Cost of ownership (COO) is one of the key factors that decides the viability of any capital equipment purchase, and the need to lower total factory cost of ownership is often what guides many business decisions. So, what drives a lower COO, and how can you achieve that without sacrificing on system performance? Let’s look at the main factors.
What is Cost of Ownership?
Cost of ownership is defined as “the purchase price of an asset plus the costs of operation.” Assessing cost of ownership involves looking past the short-term acquisition price and examining the total cost to operate that piece of equipment for the long-term. Will there be maintenance costs, including upgrades or enhancements, associated? How much does it cost to run that equipment, in terms of power usage or other consumables, such as targets?
What does your manufacturing process need to look like from start to finish in order to deliver a quality, competitive product? A very high cost of ownership can dilute the profit margin of the revenue you’re bringing in, which is why you need to figure out ways to reduce long-term costs, even if it means investing more up front. There is no one simple answer for lowering COO, but there are four main factors that go into it that you should understand.
Top 4 Factors Driving Cost of Ownership for PVD Equipment
Examining these factors together and weighing them against each other is the ideal way to optimize your solution for a lower cost of ownership:
- Capital cost: The cost of your capital equipment is generally one of the biggest inputs to cost of ownership; you might shy away from spending more money on a more robust tool, but if it gives you more capability, improves factory output, and doesn’t need constant maintenance, it could be worth it in terms of long-term cost of ownership.
- Materials cost: To manufacture anything, you need to purchase the raw materials first. In thin film deposition, this generally refers to the targets for the coatings you are depositing. Some coating materials, like gold, are costly and will drive up cost of ownership. For these materials, utilization rate and transfer efficiency will be key to minimizing your cost. For inexpensive materials like aluminum, this will likely not be the largest contributor to COO.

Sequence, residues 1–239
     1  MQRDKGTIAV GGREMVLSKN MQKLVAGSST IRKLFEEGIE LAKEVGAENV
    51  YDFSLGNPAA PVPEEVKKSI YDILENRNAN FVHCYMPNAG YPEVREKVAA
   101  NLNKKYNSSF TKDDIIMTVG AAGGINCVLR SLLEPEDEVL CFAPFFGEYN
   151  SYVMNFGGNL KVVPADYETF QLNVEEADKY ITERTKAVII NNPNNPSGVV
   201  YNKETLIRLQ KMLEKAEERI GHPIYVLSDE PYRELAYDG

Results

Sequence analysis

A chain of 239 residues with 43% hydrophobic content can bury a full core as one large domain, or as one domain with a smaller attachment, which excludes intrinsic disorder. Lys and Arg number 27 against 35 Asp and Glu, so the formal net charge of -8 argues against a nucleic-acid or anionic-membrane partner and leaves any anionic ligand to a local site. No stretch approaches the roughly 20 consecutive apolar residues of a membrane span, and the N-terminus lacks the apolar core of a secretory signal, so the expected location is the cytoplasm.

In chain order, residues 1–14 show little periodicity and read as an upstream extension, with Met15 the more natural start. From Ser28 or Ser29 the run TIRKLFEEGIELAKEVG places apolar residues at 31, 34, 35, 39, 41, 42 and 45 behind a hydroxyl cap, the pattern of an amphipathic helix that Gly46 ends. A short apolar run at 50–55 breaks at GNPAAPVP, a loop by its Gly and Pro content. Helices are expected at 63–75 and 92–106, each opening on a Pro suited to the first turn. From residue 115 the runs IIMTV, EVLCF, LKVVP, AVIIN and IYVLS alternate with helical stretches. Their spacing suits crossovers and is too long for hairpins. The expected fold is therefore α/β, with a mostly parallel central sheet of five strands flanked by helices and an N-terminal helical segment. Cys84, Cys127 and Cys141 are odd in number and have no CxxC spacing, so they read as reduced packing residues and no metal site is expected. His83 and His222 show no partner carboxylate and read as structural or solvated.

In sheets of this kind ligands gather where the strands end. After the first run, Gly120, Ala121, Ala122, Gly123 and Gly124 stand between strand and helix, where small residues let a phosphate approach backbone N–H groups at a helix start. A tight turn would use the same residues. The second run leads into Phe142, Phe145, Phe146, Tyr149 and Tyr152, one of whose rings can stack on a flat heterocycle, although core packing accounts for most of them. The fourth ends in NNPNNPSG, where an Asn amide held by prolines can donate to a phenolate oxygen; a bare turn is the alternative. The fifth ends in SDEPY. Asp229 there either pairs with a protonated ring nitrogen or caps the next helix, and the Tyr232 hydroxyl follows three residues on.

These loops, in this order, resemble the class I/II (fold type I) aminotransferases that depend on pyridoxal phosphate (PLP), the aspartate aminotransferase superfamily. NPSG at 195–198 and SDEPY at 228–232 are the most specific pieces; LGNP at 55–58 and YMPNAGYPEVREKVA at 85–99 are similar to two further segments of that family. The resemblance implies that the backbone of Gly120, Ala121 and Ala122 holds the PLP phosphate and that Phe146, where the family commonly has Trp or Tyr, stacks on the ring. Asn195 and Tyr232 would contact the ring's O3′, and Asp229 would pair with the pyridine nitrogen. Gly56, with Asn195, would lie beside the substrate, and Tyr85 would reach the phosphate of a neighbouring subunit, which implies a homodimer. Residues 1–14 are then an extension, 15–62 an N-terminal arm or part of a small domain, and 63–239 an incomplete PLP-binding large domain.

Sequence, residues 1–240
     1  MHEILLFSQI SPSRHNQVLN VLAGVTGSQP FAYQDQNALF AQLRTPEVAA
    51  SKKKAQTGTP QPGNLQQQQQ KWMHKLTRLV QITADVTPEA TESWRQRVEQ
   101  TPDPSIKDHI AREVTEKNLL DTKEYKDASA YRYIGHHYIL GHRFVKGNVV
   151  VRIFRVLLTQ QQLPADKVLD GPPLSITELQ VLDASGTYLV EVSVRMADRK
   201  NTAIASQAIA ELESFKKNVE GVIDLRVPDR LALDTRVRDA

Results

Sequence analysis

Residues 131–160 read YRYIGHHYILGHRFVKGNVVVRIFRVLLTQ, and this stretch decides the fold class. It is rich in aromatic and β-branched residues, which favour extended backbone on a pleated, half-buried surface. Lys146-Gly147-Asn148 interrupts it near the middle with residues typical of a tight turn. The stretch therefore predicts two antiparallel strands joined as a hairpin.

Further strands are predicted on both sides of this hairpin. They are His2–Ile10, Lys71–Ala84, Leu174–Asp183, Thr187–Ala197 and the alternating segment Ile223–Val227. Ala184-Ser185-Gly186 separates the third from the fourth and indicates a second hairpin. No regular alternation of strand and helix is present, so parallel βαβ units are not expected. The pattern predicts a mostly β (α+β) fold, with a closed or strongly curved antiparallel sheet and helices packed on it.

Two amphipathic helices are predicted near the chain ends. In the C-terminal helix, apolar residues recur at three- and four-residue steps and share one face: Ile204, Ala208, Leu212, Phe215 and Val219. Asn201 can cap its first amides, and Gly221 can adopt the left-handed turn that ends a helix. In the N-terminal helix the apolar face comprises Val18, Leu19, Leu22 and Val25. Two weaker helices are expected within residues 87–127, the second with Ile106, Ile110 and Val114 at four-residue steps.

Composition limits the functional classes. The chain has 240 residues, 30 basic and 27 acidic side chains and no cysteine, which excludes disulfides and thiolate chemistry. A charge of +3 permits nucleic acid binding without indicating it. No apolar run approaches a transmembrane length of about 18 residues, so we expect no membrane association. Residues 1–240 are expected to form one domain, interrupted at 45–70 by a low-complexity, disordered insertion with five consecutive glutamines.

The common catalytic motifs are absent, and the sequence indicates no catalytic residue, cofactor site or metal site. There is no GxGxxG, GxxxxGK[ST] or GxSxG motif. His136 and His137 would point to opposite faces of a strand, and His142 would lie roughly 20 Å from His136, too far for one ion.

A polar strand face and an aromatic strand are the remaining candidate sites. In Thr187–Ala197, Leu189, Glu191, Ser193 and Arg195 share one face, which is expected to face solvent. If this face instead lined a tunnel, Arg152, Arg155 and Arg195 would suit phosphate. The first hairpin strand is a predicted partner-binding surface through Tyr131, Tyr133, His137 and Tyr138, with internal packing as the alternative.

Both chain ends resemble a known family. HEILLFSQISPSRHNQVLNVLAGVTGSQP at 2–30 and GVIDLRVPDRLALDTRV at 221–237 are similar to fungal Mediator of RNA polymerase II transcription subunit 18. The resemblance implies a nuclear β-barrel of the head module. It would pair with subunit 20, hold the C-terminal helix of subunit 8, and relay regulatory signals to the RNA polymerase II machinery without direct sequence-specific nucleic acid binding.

- Parts cost: Finished parts (the substrates and wafers you’re coating) that end up scrapped will inherently raise your cost of ownership. If the parts you’re using are very valuable, then yield becomes the main driver of COO, helping you avoid scrapped parts and gain a better ROI in the process.
- Labor cost: Labor also contributes to cost of ownership, and varies significantly across the globe. In high labor-cost countries, high levels of expensive automation are justifiable on labor savings alone. In low labor-cost countries, it is a smaller component of COO so substituting labor for automation may make sense, as long as yield targets are met. On the other hand, highly automated tools may require more maintenance, so preventive maintenance cycles and system reliability will also factor in here.
Optimizing Cost of Ownership
There are some other operations costs to consider, such as utilities, but they are not typically a major contributor to COO in physical vapor deposition. All four of the above inputs will always be present in your total COO, but the ratios will differ, and one or two will be the main drivers. For example, if you’re using expensive consumables or parts, a higher COO may be acceptable as you should be able to charge a premium for your product, allowing you to recover other costs. If you need a sophisticated configuration that can handle multilayer coatings and a complex process, you’ll have to prioritize your capital expenditure and invest in equipment that can meet those requirements.
To lower your total COO, you need to strike the right balance between these four factors. If you try and cut too much spend, your overall factory production and ROI may suffer. But if you’re not mindful of where your dollars are going and what your main priorities are, you also run the risk of raising your cost of ownership more than needed, draining ROI. Lowering your total COO without sacrificing ROI means investing in reliable, well-designed equipment backed by dependable manufacturer’s support, the right materials and parts, and sufficient labor so you can deliver on quality and performance.